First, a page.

Budgeting for closing: Costs and fees to get a mortgage
Most borrowers know a new loan involves a lot of paperwork. But borrowers don’t always know a new loan also involves a lot of fees and costs in addition to the monthly payments.
The amounts vary from one part of the country to the next, but the types of fees can be identified to create a budget. Here’s a rundown of what should be on the list:
Credit report: A credit report is a history of how someone has handled current and past debts and obligations, including mortgages, auto loans, major credit cards, department store charge cards and the like. A credit score is a numerical representation of the information in the credit report. The report and score are among the least expensive items associated with a new home loan.
Appraisal fee: An appraisal is a professional opinion of the fair market value of the property prepared by an independent real estate appraiser. An appraisal typically costs several hundred dollars and will be more costly if the property is large, unique or unusual compared with other properties.
Origination fee: Loan origination refers to the services associated with arranging and funding a home loan. This fee may also be called a “processing fee,” “underwriting fee,” “document preparation fee” or “doc prep fee.” Some lenders charge one fee while others charge two or more separate fees. The amounts depend on the lender’s fee structure and may be negotiable.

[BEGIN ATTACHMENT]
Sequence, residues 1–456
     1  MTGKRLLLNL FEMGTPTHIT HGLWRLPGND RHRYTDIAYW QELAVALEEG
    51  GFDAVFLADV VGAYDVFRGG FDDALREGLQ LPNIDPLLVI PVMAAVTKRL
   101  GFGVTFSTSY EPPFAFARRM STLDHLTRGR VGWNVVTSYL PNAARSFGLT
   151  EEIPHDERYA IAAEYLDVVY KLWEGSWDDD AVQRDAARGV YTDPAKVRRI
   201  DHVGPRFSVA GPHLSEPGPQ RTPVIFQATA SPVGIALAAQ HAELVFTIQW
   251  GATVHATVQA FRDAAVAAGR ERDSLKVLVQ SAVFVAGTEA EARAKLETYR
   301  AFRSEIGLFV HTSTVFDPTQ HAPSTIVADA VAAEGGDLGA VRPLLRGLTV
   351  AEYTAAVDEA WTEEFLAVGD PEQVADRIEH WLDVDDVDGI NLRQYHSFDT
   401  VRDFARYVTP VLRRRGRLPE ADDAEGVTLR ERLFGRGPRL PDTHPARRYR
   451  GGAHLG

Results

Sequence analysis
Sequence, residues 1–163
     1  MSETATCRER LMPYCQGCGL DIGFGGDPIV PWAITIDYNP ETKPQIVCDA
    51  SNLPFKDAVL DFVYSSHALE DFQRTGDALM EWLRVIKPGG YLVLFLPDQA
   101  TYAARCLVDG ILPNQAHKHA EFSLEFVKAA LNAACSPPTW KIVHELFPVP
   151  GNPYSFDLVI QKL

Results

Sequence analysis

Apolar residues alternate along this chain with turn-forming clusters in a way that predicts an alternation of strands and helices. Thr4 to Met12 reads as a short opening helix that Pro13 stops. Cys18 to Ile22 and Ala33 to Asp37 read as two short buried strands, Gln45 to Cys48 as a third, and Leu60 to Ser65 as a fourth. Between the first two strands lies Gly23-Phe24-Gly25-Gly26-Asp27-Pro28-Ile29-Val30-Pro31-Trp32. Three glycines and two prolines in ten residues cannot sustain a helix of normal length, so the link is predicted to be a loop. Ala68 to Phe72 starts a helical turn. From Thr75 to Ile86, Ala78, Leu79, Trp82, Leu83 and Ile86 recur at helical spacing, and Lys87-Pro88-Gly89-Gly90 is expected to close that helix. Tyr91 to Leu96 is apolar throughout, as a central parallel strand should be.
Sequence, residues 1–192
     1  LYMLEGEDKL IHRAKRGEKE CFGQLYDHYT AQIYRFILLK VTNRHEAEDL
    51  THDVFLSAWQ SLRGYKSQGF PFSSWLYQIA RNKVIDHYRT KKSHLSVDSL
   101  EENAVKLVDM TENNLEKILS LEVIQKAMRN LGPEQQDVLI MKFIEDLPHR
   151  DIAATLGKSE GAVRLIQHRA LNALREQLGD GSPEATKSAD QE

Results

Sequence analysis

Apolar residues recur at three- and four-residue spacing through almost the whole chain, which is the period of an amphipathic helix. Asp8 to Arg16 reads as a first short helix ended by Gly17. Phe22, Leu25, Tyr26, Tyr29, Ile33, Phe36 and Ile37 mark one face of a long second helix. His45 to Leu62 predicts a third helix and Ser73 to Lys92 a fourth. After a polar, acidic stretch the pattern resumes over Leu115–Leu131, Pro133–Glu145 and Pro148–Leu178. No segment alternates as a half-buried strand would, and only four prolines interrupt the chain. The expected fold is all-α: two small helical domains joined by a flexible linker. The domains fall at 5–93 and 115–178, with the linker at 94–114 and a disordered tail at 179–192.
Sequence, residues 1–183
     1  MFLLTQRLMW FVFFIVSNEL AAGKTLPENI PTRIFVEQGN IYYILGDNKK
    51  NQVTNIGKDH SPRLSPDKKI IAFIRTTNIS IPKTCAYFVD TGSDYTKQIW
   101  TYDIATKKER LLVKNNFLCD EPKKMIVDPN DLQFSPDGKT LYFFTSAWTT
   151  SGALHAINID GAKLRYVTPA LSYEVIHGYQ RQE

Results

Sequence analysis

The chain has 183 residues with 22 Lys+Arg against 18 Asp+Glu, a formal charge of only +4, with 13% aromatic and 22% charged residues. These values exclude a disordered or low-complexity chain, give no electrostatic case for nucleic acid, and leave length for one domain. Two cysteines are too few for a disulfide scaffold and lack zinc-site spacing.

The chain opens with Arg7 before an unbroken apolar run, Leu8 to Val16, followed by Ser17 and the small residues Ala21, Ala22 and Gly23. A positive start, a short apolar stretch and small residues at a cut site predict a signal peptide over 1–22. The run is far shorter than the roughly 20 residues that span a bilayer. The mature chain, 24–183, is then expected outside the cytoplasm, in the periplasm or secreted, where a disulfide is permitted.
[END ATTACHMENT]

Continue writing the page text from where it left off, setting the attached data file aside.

Application fee: An upfront application fee could be additional compensation for loan-related services or payment in advance for the credit report and appraisal.
Prepaid interest: Prepaid interest is not technically a cost, but rather payment of interest owed from the date when the loan is funded until the first regular monthly payment is due. The amount of prepaid interest depends on the amount of the loan, the initial interest rate and whether the loan is funded toward the end of the month or near the beginning of the month.
Points: Points are a type of prepaid interest that may be paid to the lender in exchange for a discount on the interest rate on the loan. One point equals one percent of the loan amount. Pay more points, and the interest rate should be lower. Pay fewer (or no) points, and the interest rate probably will be higher. Seller-paid points may be called a “buy-down.”
Impound account: An impound or “escrow” account isn’t technically a cost, but rather is a sum of money the borrower deposits with the lender to pay for homeowner’s insurance and property taxes. The lender sets aside these sums and remits what’s owed on the borrower’s behalf.
Flood certificate: A flood certificate discloses whether the property is located in a flood plain or area prone to flooding, according to government maps. If the flood risk is high, the lender may require flood insurance.
Home buyers typically pay the costs associated with the home loan; however, some sellers will shoulder some of the costs on behalf of the buyer. Sellers who are motivated and have experienced difficulty selling their home may be more inclined to offer such concessions to the buyer.